Everyone falls in love a different way. Maybe it's a particular scene or the collected works of a particular director, or even just a catchphrase. Whatever the way, millions of people fall in love with film everyday and some of them, inspired by their own life experiences, make the journey to Hollywood to fulfill their ambitions.
For Elizabeth Rose, the romance began during her junior year at Harvard when the English major decided to take a course in experimental documentary filmmaking taught by Lucien Castaing-Taylor.
"I was drawn to study with Lucien by the sense of creative freedom in a safe environment that the course elided," says Rose. "It seemed like a good opportunity to have the experience of being part of an artist's collective."
That collective was Harvard's Sensory Ethnography Lab (SEL), founded and led by Castaing-Taylor which sent undergraduate and graduate students out into the field to produce films of their own. To date, the SEL has amongst its alumni, one student--Alexander Berman, who is Rose's filmmaking partner in her documentary current project--whose documentary work Songs from the Tundra premiered at the International Documentary Film Festival in Amsterdam and won the Grand Jury Prize at Provincetown. Other notable alumni are John Hulsey whose work has been featured in the New York Times online, and J.P. Sniadeki whose film "Chaiqian (Demolition)" won at Cinéma du Reel.
"The Sensory Ethnography Lab has become very quickly become this experimental hothouse where filmmakers, phonographers, video artists, and photographers are rubbing shoulders, cross-pollinating one another's projects, and doing often utterly remarkable work," says Castaing-Taylor. "The sense of creative vitality and dynamism is palpable. Students who came to Harvard to write a straightforward textual dissertation are all of a sudden exploring the possibilities of trying to work, ethnographically and/or aesthetically, through various combinations of images and sounds, something they'd never previously considered."
Castiang-Taylor's own work as a filmmaker has won him nearly universal critical acclaim after its premiere at the New York Film Festival in 2009. His film with his wife and producing partner Ilisa Barbash, Sweetgrass, is a lusciously shot portrait of the lives of the few remaining sheepherders in Montana. Completed over seven years, the film jettisons many of the traditional documentary structures--narration is a missing key component--in favor of letting the subjects and imagery tell their stories themselves.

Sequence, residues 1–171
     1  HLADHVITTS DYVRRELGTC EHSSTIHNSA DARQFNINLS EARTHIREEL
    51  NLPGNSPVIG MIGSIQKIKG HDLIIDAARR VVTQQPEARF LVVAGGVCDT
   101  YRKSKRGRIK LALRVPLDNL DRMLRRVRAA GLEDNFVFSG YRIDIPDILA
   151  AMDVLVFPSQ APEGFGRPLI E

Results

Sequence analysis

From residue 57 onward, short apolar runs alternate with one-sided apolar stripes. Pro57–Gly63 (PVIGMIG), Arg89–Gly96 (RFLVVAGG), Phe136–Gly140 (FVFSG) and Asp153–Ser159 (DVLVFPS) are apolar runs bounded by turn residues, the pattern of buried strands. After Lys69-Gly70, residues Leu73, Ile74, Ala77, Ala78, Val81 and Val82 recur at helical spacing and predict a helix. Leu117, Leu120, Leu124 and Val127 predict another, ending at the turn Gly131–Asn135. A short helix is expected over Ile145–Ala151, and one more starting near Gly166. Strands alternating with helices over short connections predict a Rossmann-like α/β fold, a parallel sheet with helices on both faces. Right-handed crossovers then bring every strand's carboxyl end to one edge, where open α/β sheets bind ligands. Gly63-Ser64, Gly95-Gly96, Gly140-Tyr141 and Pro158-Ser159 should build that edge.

"At the SEL we became very well-grounded in the history of non-fiction filmmaking--as well as the areas where the line between fiction and non-fiction filmmaking gets a little murky," says Rose.
Perhaps sensing her own path as a filmmaker may lead down a different road, Rose decided to move to Los Angeles and learn how films were made for mainstream audiences. A high school internship at the Massachusetts office of Walden Media propelled her into another at Red Wagon Entertainment, the Sony-based production shingle of Lucy Fisher and Douglas Wick.
It was with Fisher and Wick--whose credits include Gladiator, Memoirs of A Geisha, Girl, Interrupted and many others--that Rose learned the importance of narrative in filmmaking.
"It really wasn't until I moved out to Los Angeles that I got a sense of what it means to make feature fiction movies for mainstream audiences," Rose continues. "Doug and Lucy are very erudite in the ways of storytelling and it's inspiring to watch them work. It was an invaluable experience because I learned what it meant to take an idea from its kernel and make story the most important thing."
That did not, however, lessen Rose's desire to experiment with the forms of filmmaking. So, nearly a year later, she headed back to Cambridge to work with another SEL alum, the aforementioned Berman, on turning his award-winning documentary short "Songs from the Tundra" into a feature-length documentary, tentatively titled The Volcano People. Berman's film focuses on the story of the Eveny people, a remote tribe living at the foot of the world's largest active volcanoes in Kamchatka Siberia, who are struggling to bring their traditional way of living into sync with modernity.
"It's a really compelling portrait of a people at a crossroads that I think a lot of Americans could identify with," Berman explains. "In the US, so many manufacturing jobs have been shipped away, never to return, and like the people in our film, they're asking, 'What comes next?'"
To answer that question, Rose and Berman are currently raising money to support their project, Berman will be a Fulbright scholar to Russia this year, and together they have a few smaller grants in support of the documentary's production. In addition to grants, the two are also soliciting donations from the public via Kickstarter, and are hoping to raise $10,000 by the end of this month.
"Alex and I understand what we're doing is ambitious but we think with the grounding we have in SEL-style filmmaking combined with some Hollywood know-how, we have a sense of how to make a non-fiction film on the scale that we want to make one," Rose continues. "The education I received from Doug and Lucy--about how one tells a story, what to emphasize, what people want to see and how to hit the right points--will all have a really positive impact on this film."
And what about the possibility of failure?
"If we fail, we'd like to fail spectacularly, and on a large scale, so we can learn. Given that both Alex and I are so young and trying to make a non-fiction film, people are generally actually really helpful," Rose says. "And that's an advantage that, as a young filmmakers, we have now--not in five or ten years."
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